IGM Fact Sheet 1 - NHRIs: Trusted partners for change

Faso Aishath Updated by Faso Aishath

NHRIs are uniquely positioned to drive sustained change at the national level by: 

  1. Monitoring and reporting on the human rights situation in their country.  
  2. Providing advice to government and the parliament. 
  3. Receiving, investigating and resolving human rights complaints. 
  4. Delivering human rights education for all sections of the community. 

With a unique mandate set out in law, national human rights institutions (NHRIs) play a vital role to promote and protect the rights of all people, especially those most vulnerable to human rights violations. With strong powers and being independent from government, they are a cornerstone of an effective national human rights protection system. 

A key role of all NHRIs – set out in the UN-adopted Paris Principles – is to engage with the United Nations and regional bodies.  

NHRIs support the work of international and regional bodies by providing independent and reliable information and analysis.  

They propose recommendations that can be made to their State to improve the human rights situation in their respective countries.  

Another role of NHRIs is to promote and monitor implementation of recommendations made to their State by international and regional mechanisms. 

Promoting NHRI engagement with regional bodies 

While NHRIs have long-standing engagement with the United Nations – through the Human Rights Council, human rights treaty bodies, the special procedures and mechanisms such as the Universal Periodic Review – their interaction with regional bodies in the Asia Pacific has been more limited. 

However, with many critical human rights issues requiring urgent country-to-country cooperation, NHRI engagement with regional bodies has never been more important.  

The Global Alliance of National Human Rights Institutions (GANHRI), through its Sub-Committee on Accreditation, states that: 

“NHRI participation in regional and international coordination bodies serves to reinforce their independence and effectiveness overall … This may lead to collectively strengthening each other’s positions and contributing to resolving regional human rights issues.”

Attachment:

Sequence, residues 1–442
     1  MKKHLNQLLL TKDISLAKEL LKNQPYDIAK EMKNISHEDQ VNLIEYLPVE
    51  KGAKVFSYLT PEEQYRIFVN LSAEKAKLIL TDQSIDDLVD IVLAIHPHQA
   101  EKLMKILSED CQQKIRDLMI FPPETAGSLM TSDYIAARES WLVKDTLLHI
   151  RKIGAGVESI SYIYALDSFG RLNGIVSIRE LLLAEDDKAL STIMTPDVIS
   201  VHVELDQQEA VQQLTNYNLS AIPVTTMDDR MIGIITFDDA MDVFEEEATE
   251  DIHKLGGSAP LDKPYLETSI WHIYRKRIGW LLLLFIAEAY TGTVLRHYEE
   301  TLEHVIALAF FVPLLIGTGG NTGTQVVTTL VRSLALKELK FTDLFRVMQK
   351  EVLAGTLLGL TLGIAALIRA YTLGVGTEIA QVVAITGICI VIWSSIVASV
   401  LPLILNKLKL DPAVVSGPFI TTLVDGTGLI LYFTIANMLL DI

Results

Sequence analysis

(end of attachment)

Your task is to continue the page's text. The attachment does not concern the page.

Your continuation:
In addition, the Human Rights Council identifies collaboration with NHRIs as one of the most important factors determining the effectiveness of regional mechanisms, especially through “coordinating and strengthening the [regional] arrangement’s decisions and increasing the likelihood of compliance”. 

Strengthening regional strategies to counter climate change 

One of the most urgent issues facing communities in South-East Asia and the Pacific is the impact of climate change and environmental harm. It is a priority both for NHRIs and regional inter-governmental mechanisms. 

At the 2020 GANHRI Annual Conference, NHRIs from all regions pledged to work individually and collectively to promote human rights-based climate action.  

They agreed to use their unique human rights mandate to add value to national, regional and international approaches to counter the impacts of climate change and environmental harm. 

“NHRIs can help promote much more effective, informed and participatory climate action – action that can benefit people’s rights and preserve the environment.” 

Michelle Bachelet, UN High Commissioner for Human Rights 

At the regional level, NHRIs can strengthen the important work of inter-governmental mechanisms by: 

  • Collecting and sharing community-level information and experiences, including good practice approaches from civil society groups and traditional knowledge of indigenous peoples to promote the right to a healthy environment. 
  • Contributing independent, high-quality human rights analysis to support regional policy development on climate change and the right to a healthy environment. 
  • Advising government on implementing recommendations from regional mechanisms in laws, regulations, policies and procedures, as well as monitoring the progress of implementation. 
  • Promoting community awareness of regional strategies to address climate change and environmental harm through a comprehensive human rights education program. 
  • Engaging with business leaders to outline the practical measures they can take to respond to climate change, promote the right to a healthy environment and support communities affected by their operations. 
  • Building connections between regional bodies and the international human rights system, including with key UN agencies, forums and human rights special procedures. 
  • Engaging in regional and international processes to promote human rights-based action on climate change, including in relation to nationally determined contributions (NDCs) under the Paris Agreement

NHRIs have a well-deserved reputation for independent, high-quality human rights analysis and policy advice. They have extensive and trusted relationships at the national, regional and international level to drive the change process. They are ideal partners for regional inter-governmental mechanisms in their efforts to counter the human rights impacts of climate change and environmental damage. 

Download PDF: APF NHRI IGM Project - Fact Sheet 1.pdf

Download word: APF NHRI IGM Project - Fact Sheet 1.docx

How did we do?

IGM Fact Sheet 2 - Introducing the right to a healthy environment